Are V6-Engined Midsize Sedans Way Over The Top? - Page 2 - Fuelly Forums

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Old 02-28-2017, 01:28 PM   #11
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Porsche's 718 base has a 2.0L turbo flat four, delivers 300 hp and 280 ft-lbs of torque that comes on early and stays pretty flat. Reviewer rave about how good it is... without needing to qualify it, as in "this is a GREAT engine... for a 2-liter, I mean."
The torque response of turbos is different than that of a naturally aspirated engine, and this results in a different feel to the driver, which some prefer.

Turbos can be fun, and they can be fuel efficient for those willing to drive them in such a manner. But my main point is that they can get good fuel economy ratings is because the official tests use light acceleration that doesn't ramp up the turbo boost. The way most people drive will ramp up that boost, and they won't see much improvement in fuel economy over a larger NA engine.

In other words, a 2L turbo gets good fuel economy on the test, because the test cycle drives the car as if it has only half the accelerator pedal travel. Which results in the engine only being driven like a 2L without a turbo.
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Old 02-28-2017, 01:35 PM   #12
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trollbait: I agree that driving style make a colossal difference in fuel economy. I also don't put much faith in EPA fuel economy numbers. I look at Fuelly's reports to see what others are getting in real-world economy.

What I think you're saying, is that a turbo, in and of itself, does not save fuel. I agree. In fact, putting a turbocharger on an engine will always burn more fuel (assuming the same engine, with and without turbo)! The only way to get a turbo to save fuel, is to make the engine smaller so that it burns less fuel when it doesn't need a lot of power -- that is, when the turbo's boost is minimal or nil. Once the turbo kicks in and the boost (turbo-induced inlet pressure) goes up, then so does the power and the fuel consumption.

I suspect you already know all this. I'm just using more words to clarify possible misunderstanding other readers might have.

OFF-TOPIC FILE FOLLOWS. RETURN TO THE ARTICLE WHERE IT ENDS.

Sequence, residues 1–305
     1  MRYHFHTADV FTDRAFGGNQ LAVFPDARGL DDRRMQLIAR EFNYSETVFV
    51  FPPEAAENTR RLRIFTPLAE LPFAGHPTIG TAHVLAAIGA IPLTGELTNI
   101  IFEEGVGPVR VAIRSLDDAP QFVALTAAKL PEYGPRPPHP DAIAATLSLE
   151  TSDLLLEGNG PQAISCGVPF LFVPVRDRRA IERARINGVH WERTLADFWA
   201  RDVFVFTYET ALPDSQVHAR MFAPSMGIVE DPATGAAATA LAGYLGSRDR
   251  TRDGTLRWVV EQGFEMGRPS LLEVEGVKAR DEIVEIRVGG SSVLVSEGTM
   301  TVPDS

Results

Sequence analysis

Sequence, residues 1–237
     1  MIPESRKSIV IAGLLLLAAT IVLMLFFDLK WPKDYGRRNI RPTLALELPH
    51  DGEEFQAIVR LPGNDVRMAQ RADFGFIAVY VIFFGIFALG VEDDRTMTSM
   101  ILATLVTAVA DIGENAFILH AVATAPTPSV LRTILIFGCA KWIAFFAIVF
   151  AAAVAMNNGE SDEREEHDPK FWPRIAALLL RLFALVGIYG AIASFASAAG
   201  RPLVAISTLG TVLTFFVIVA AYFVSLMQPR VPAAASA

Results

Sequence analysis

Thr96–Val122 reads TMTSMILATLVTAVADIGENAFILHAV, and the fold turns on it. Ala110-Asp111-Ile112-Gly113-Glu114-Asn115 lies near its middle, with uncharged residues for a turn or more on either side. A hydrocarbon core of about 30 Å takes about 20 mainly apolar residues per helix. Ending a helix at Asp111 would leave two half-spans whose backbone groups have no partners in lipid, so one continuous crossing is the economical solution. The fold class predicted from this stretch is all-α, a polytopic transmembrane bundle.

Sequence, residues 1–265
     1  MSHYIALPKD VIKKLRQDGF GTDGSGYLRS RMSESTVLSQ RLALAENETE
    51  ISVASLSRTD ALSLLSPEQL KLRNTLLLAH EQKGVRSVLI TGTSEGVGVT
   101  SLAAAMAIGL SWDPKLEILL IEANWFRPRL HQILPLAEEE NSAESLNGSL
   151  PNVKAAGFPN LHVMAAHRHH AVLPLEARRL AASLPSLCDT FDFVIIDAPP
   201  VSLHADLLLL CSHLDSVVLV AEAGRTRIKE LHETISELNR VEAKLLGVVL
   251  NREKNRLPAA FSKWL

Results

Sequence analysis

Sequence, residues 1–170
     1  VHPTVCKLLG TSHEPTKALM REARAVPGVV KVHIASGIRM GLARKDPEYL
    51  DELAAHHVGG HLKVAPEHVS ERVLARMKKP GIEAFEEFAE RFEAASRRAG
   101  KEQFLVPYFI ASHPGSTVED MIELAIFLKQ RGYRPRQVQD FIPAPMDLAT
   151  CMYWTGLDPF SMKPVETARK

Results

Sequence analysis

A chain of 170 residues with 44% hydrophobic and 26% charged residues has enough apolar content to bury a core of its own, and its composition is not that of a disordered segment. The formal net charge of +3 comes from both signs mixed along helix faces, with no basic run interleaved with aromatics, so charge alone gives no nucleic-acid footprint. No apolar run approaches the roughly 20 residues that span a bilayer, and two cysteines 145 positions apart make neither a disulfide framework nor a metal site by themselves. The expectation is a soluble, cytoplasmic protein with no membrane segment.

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Old 02-28-2017, 02:03 PM   #13
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Turbo's are mainly for performance gains, but that doesn't mean they can't be good on fuel, it's nice to have a choice. Acceleration can still be brisk, using low end torque and early gear changes, engine doing very little work. Then the Brutal acceleration is just a pedal away when you want some fun.

Having an engine with no turbo is just dull, very frustrating and tiring having to rev the engine to make progress, and tiring having to change gear more often rather than just increasing boost by applying more throttle.

And back to the op, are V6 engines overkill in sedans? I've sort of changed my mind thanks to Alfa, 2.9 V6 biturbo with an epic 510 bhp. Oh boy...

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Old 03-01-2017, 11:30 AM   #14
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Originally Posted by SteveMak View Post
trollbait: I agree that driving style make a colossal difference in fuel economy. I also don't put much faith in EPA fuel economy numbers. I look at Fuelly's reports to see what others are getting in real-world economy.

What I think you're saying, is that a turbo, in and of itself, does not save fuel. I agree. In fact, putting a turbocharger on an engine will always burn more fuel (assuming the same engine, with and without turbo)! The only way to get a turbo to save fuel, is to make the engine smaller so that it burns less fuel when it doesn't need a lot of power -- that is, when the turbo's boost is minimal or nil. Once the turbo kicks in and the boost (turbo-induced inlet pressure) goes up, then so does the power and the fuel consumption.

I suspect you already know all this. I'm just using more words to clarify possible misunderstanding other readers might have.
Of the official n rating systems out there, the EPA comes closest to predicting real world results. The average MPG reported on Fuelly is really close to EPA combined for most models.

Agree on the rest.
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Originally Posted by Draigflag View Post
Turbo's are mainly for performance gains, but that doesn't mean they can't be good on fuel, it's nice to have a choice. Acceleration can still be brisk, using low end torque and early gear changes, engine doing very little work. Then the Brutal acceleration is just a pedal away when you want some fun.

Having an engine with no turbo is just dull, very frustrating and tiring having to rev the engine to make progress, and tiring having to change gear more often rather than just increasing boost by applying more throttle.

And back to the op, are V6 engines overkill in sedans? I've sort of changed my mind thanks to Alfa, 2.9 V6 biturbo with an epic 510 bhp. Oh boy...
Let you in on a secret, the Prius gets most of its efficiency gains through engine downsizing. The electric side helps, but its main job is to overcome the smaller engine's lack of performance so people will buy the car.

A turbo or super charger can be used to also down size the engine while keeping performance at an acceptable level for buyers. The issue, at least in the US, is that most have never driven a turbo before. Coming from a V6 or even a larger 4 cylinder, they don't realize the turbo can be sucking down more fuel for the same level of acceleration.

With higher fuel prices, turbocharging has been more common in the EU, and most drivers likely understand how to drive a turbo for efficiency.
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